Banco Bradesco SA occupies an enviable position in Brazil’s financial industry; it is the second largest private bank in the country after Itaú Unibanco. Presently, the bank is experiencing a slight change in its top leadership. Lazaro de Mello Brandao who was the chairman of the bank starting in 1990 resigned last month. The 91-year-old cited his advanced age and the need to for smooth transition in leadership as the reasons that informed his resignation.
The current CEO of the bank, Luiz Carlos Trabuco, was immediately appointed the new chairman of the bank. His tenure as the president of the institution will end early next year. He is currently serving both as the CEO and chairman of the Osasco based bank. Trabuco, who has served Bradesco for 48 years, will be among those who will appoint the new CEO. According to Trabuco, the bank will prioritize its staff in the succession race.
Some of the staff who are currently under consideration for the top job include Mauricio Machado de Minas, Alexandre da Silva Gluher, Domingos Figueiredo Abreu, Josué Augusto Pancini, Marcelo de Araujo Noronha, Octavio de Lazari, and André Rodrigues Cano. The seven, who have been serving at the bank for an average of 31 years, are ranked among the company’s top performing employees. The average age of the seven is 56.4 years.
Lazaro de Mello Brandao is an embodiment of a loyal executive. He joined the bank in 1943—the same year that Amado Aguiar established the bank. According to banco.bradesco Brandao has served the bank ever since. He has held different leadership positions in the bank. He started out his career as a clerk and was appointed as one of the directors of the bank in 1963. Close to 14 years later, Brandao was named the vice president of Banco Bradesco.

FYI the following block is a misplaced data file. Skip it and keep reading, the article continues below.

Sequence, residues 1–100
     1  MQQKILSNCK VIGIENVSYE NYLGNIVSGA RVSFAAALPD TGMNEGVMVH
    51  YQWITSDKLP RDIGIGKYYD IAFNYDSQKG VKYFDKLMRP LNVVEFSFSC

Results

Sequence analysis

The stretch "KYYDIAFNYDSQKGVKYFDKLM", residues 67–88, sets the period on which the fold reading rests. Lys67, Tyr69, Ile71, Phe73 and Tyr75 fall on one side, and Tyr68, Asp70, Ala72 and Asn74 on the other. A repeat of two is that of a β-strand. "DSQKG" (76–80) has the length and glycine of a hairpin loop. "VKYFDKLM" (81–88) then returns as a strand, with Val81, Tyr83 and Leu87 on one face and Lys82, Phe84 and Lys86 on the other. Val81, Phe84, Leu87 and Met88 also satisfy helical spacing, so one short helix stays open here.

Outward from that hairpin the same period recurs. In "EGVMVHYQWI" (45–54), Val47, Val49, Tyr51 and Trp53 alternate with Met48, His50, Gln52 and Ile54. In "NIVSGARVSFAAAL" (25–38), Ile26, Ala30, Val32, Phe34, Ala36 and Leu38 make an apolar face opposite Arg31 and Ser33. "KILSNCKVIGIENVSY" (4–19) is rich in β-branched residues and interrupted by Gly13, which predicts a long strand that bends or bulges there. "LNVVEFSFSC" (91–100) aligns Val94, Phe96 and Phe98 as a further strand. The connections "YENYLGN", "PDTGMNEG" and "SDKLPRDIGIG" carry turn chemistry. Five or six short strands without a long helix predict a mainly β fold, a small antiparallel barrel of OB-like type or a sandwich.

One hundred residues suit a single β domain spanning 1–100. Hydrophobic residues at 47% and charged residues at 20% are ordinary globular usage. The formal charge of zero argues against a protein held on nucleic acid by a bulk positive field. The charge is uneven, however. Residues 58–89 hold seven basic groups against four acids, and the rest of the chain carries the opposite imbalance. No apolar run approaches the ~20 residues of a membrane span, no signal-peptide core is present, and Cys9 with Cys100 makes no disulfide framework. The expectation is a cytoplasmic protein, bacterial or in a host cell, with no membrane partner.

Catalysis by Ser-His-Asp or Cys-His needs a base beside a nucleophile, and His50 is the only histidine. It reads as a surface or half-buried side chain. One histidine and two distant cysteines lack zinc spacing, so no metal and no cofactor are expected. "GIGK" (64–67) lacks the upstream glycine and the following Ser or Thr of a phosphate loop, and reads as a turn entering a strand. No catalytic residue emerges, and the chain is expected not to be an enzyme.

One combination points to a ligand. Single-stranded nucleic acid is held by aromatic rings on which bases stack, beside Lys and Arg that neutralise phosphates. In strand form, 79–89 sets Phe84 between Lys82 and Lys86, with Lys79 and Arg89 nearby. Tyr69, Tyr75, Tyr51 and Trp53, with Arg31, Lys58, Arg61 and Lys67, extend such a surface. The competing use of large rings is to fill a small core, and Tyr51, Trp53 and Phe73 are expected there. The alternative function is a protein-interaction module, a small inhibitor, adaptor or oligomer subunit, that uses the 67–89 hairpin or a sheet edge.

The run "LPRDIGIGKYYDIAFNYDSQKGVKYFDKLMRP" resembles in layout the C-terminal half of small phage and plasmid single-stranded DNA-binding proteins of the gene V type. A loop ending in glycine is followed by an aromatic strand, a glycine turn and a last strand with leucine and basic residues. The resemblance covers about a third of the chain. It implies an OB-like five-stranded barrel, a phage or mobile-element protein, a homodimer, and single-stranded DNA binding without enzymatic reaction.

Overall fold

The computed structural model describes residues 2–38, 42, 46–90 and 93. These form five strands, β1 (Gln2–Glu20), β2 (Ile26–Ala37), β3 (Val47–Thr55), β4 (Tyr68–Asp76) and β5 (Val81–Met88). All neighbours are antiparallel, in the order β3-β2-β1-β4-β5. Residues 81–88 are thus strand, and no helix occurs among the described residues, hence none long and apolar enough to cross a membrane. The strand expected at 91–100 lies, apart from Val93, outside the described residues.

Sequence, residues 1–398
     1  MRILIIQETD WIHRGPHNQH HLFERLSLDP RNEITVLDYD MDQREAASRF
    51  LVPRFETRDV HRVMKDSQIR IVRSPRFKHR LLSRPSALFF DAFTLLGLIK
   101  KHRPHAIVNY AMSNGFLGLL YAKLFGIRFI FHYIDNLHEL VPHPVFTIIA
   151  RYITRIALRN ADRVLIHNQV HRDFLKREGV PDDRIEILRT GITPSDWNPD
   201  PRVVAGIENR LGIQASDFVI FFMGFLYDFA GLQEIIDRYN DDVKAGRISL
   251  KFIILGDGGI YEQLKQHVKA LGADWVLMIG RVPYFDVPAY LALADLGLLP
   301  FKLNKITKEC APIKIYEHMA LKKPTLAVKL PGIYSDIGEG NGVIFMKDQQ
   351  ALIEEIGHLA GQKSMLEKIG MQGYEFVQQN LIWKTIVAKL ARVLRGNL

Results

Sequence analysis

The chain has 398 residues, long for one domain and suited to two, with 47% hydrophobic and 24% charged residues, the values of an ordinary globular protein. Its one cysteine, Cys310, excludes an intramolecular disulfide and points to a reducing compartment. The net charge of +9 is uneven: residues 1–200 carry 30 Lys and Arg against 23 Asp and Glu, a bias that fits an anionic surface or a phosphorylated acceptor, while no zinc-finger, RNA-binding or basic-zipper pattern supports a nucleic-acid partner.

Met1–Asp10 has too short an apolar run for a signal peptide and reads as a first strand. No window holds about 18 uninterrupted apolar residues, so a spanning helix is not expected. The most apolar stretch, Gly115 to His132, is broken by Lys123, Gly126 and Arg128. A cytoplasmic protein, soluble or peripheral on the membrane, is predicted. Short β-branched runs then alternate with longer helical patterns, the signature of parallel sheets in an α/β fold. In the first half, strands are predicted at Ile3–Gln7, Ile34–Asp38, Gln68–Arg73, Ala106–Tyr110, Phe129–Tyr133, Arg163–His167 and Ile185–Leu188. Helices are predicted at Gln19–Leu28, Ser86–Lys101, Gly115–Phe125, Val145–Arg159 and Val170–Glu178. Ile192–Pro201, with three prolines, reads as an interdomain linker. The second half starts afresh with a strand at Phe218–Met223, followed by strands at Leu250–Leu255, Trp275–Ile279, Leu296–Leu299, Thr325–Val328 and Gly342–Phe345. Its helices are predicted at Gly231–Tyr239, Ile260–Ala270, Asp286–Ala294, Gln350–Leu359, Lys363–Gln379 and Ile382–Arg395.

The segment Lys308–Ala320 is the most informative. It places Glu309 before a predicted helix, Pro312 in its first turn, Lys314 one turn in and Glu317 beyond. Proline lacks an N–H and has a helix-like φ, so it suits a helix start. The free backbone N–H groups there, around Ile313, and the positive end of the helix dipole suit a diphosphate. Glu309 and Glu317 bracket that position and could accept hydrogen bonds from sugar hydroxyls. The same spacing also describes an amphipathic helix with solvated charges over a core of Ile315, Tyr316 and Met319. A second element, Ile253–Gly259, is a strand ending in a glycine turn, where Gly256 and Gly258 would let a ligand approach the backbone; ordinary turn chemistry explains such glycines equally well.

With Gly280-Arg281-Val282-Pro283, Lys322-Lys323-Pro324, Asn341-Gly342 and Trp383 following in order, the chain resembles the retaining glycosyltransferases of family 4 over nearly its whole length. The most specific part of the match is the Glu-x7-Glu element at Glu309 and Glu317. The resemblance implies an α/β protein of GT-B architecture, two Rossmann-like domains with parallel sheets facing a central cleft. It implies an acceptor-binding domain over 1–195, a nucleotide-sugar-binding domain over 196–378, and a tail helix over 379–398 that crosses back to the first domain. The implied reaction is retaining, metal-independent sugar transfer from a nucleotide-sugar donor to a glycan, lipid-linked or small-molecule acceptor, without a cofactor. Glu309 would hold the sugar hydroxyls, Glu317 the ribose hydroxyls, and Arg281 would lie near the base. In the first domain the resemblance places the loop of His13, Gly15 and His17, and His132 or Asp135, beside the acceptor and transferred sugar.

As a result of the poor health of Amado Aguiar, Brandao was appointed to take over the presidency of the bank in 1981. As the health of Aguiar deteriorated further, Brandao was named to command the board of directors in 1990 succeeding Aguiar once more. Aguiar passed on one year later. However, Brandao, who shares Aguiar’s vision, vowed to continue the legacy of the fallen hero. In 1999, Brandao decided to relieve himself of the presidency duty by allowing Marcio Cypriano to serve as the president of the bank. Starting in 1999, Brandao concentrated on being the chairman of the bank until his resignation in October. Brandao had served for a cumulative of 45 years as the chairman and CEO of Banco Bradesco. Pundits agree that Brandao’s track record is impressive despite his insufficient fundamental studies.
Luiz Carlos Trabuco’s succession of Brandao came as no surprise. Before the bank announced that Trabuco was taking over from Brandao, speculations were rife that he would become the third chairman of the bank.
Trabuco made his entry to the bank in 1969. He was 18 years then, and he was tasked with discharging clerical duties. Trabuco leveraged the entry-level position to demonstrate his abilities. His efforts bore fruits 15 years later when he was appointed the marketing director. He then held other posts with the bank before being appointed the president of Bradesco Seguros in 2003. His work as the president of Bradesco Seguros, the insurance unit of the bank, provided Trabuco with a leeway to demonstrate his leadership skills. Six years later, when Marcio Cypriano resigned, Trabuco was appointed the president of the bank.
Trabuco has earned recognition for his efforts. For example, Forbes Magazine recognized him last year as one of the “Best CEOs in Brazil.” He was gifted the 2009’s Don Quixote Trophy.